If love cannot be established in a marriage, abuse is inevitable when someone makes a mistake. Furthermore, Rasheed forces Mariam to eat pebbles, this is shown in the following excerpt, “Put these in your mouth. What? Put These. In your mouth. Stop it, Rasheed, I’m–His powerful hands closed her jaw. He shoved two fingers into her mouth, and pried it open, then forced the cold, hard pebbles into it. Mariam struggled against him, mumbling, but he kept pushing the pebbles in, his upper lip curled in a sneer. Now chew, he said. Through the mouthful of grit and pebbles, Mariam mumbled a plea.
Tears were leaking out of the corners of her eyes. (Hosseini 104) Rasheed’s brutal action towards Mariam proves that a human being is capable of harming other people, even very significant ones. The abuse Mariam experiences from her husband is a result of their failed marriage. Furthermore, Rasheed furthers his characteristic into an evil and heartless person who does not care about how painful and harsh his actions are. Lastly, Rasheed finds out that Tariq has met Laila, and this prompts him to lose his temper, and physically harm them. This is shown in the following quote: They crashed to the ground, Rasheed and Laila, thrashing about. He ended up on top, his hands already wrapped around Laila’s neck…Rasheed didn’t notice her coming back into the room. He was still on top of Laila, his eyes wide and his hands wrapped around her neck. Laila’s face was turning blue now, and her eyes had rolled back. Mariam saw that she was no longer struggling. He’s going to kill her, she thought…Rasheed. He looked up. Mariam swung. ” (Hosseini 347-348) This shows the peak of all Mariam’s life experiences: the pain and sorrow Rasheed has caused her, as well as the joy and love she shares with Laila.
When the person that she loves is threatened, Mariam realizes that all of her endurance has not once increased her worth in Rasheed’s eyes. For the first time, Mariam sees her worth and believes that she never deserves the anguish she’s had to endure. Her powerful motivation is shown when she saves Laila’s life. Mariam realizes after her first swing at Rasheed that if she does not kill him, he will kill them both. Even if Mariam is ready to die, she’s not ready to lose Laila. In summary, abuse is an unjust action, and its presence is very obvious in this novel through physical and emotional mistreatment.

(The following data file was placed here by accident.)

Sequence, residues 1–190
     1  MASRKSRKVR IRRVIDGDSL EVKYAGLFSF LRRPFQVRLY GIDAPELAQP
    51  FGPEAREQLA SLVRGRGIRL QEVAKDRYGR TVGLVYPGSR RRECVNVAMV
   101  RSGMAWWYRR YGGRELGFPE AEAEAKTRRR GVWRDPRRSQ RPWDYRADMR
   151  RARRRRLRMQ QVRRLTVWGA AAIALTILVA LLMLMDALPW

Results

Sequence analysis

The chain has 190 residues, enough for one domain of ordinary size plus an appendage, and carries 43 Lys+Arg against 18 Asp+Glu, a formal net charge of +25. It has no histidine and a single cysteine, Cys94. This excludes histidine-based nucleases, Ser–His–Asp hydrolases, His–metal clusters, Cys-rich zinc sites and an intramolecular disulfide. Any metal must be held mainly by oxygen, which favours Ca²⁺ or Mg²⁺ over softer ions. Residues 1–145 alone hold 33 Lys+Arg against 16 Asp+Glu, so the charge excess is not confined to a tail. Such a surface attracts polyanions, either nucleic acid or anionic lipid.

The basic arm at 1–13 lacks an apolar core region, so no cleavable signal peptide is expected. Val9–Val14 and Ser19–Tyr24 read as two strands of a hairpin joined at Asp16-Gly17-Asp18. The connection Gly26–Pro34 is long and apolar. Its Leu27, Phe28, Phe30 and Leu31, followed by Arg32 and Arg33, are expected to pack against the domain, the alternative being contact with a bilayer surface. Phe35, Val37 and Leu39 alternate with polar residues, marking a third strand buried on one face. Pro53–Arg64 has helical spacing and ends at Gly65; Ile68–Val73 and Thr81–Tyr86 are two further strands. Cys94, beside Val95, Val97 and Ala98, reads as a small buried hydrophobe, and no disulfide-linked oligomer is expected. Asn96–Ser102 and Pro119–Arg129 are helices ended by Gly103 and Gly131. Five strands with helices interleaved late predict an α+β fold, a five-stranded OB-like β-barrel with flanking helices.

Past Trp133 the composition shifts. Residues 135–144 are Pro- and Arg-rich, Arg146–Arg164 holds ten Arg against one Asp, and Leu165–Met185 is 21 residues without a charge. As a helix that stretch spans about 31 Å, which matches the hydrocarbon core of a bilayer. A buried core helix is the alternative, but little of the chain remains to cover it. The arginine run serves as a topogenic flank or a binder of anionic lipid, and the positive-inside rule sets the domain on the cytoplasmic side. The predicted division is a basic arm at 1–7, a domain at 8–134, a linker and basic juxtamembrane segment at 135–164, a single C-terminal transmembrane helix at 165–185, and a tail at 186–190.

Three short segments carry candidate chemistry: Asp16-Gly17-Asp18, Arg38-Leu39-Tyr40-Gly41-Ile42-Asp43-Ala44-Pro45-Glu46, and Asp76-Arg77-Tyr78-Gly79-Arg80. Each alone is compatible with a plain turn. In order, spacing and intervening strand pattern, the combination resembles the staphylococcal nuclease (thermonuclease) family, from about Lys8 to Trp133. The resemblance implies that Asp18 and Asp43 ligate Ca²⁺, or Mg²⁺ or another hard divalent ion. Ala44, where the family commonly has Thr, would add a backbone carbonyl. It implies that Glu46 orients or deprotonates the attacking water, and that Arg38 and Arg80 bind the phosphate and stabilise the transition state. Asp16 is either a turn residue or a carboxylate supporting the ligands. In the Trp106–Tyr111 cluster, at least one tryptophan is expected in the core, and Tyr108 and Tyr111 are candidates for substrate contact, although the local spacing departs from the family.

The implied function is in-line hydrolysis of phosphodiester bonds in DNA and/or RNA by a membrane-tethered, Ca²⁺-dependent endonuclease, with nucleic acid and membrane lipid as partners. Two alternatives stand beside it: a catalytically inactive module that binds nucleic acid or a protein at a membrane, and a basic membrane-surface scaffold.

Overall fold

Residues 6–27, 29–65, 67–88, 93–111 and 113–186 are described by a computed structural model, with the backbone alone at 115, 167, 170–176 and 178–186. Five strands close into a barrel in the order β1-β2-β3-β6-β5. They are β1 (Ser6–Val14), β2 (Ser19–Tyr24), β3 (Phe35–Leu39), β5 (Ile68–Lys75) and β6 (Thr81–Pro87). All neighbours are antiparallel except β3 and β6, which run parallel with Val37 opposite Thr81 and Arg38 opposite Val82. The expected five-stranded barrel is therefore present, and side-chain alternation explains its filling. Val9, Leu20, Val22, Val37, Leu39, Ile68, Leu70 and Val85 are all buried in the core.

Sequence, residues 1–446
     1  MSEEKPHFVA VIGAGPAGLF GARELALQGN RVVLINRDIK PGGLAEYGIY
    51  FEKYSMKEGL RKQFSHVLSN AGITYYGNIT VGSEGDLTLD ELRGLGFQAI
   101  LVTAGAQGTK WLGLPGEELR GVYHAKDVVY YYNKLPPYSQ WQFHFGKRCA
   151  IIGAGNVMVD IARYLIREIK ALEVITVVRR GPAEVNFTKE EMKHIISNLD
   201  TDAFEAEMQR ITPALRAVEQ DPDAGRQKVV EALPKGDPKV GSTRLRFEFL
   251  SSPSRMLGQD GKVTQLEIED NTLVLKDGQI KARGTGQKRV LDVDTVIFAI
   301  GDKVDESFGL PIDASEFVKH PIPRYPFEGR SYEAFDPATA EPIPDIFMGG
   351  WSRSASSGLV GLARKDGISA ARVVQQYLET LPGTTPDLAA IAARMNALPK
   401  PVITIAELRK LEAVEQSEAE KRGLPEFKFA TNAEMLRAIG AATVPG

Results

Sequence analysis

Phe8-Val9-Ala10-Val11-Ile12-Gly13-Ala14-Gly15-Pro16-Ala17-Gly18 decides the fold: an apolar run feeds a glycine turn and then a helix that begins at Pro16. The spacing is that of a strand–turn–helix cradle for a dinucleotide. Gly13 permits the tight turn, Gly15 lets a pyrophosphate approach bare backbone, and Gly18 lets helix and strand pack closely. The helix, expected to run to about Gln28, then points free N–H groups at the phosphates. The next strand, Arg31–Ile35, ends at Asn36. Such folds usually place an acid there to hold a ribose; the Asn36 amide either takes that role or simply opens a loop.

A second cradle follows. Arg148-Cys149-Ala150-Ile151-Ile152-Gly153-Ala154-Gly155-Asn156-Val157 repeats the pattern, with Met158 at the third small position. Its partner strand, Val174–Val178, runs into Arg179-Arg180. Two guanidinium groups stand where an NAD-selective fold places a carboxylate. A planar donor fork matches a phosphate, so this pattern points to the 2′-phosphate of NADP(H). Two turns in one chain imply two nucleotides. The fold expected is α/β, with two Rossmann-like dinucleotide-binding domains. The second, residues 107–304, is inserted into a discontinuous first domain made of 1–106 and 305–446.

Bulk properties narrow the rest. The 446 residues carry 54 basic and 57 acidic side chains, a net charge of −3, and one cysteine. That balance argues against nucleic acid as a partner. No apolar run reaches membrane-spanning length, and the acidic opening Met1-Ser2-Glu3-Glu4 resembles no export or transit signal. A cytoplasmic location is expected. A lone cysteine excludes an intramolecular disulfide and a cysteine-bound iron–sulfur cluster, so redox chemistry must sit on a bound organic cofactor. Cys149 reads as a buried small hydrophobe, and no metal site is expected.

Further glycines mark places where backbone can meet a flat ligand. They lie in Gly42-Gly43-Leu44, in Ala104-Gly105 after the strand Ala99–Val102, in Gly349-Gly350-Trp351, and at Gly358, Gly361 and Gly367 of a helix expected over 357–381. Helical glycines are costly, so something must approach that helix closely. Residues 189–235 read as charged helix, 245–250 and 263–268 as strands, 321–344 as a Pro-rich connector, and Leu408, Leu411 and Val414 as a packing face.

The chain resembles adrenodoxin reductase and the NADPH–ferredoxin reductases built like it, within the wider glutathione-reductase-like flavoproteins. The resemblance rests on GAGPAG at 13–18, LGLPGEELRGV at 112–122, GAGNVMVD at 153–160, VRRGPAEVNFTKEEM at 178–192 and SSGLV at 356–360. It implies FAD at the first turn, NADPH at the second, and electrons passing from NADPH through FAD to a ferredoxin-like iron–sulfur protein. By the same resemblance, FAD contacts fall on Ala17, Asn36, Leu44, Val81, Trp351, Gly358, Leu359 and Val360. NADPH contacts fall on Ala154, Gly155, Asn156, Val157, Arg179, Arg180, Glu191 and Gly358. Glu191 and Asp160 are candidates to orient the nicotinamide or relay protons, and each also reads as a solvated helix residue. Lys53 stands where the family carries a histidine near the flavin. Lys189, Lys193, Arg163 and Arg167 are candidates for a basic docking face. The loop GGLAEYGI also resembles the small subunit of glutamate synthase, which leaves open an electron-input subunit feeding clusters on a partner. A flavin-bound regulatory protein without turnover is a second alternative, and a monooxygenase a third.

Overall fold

The role of women in Afghanistan is an unjust and unreasonable position in which they are continuously denied many freedoms and rights. The women of the story grab the interest and sympathy of the reader; their personalities are almost real and existent. It is amazing that Hosseini, a man, could have so much insight into the feelings of women in a circumstance such as this. Hosseini positively depicts the persona of Afghan women and their ability to endure gender inequality, denied education and Taliban rule.
In A Thousand Splendid Suns by Khaled Hosseini, the harsh and cruel conditions which women face under Taliban rule are depicted through Miriam and Laila’s horrifying experiences. The Taliban take over was a huge step back for Afghanistan and its blossoming age for women. At first, it was believed the Taliban were saviors for the Afghan people, a lot of people assumed they would solve the problem, people like Rasheed,”Let them come, I, for one, will shower them with rose petals” (Hosseini 275). The people had no idea what the Taliban were doing; they fully supported it, until the Taliban started to impose laws.
Most of these laws were strictly towards women: “You will stay inside your homes at all times. It is not proper for women to wander aimlessly about the streets. If you go outside, you must be accompanied by a male relative. If you are caught alone on the street, you will be beaten and sent home” (Hosseini 278). Laila was beaten on several occasions by the Taliban every week when she would go see her daughter, Aziza, at the orphanage because Rasheed refused to take her. The Taliban went as far as forcing women to one central hospital with limited doctors and supplies, which made child birth for many women to be a terrifying situation.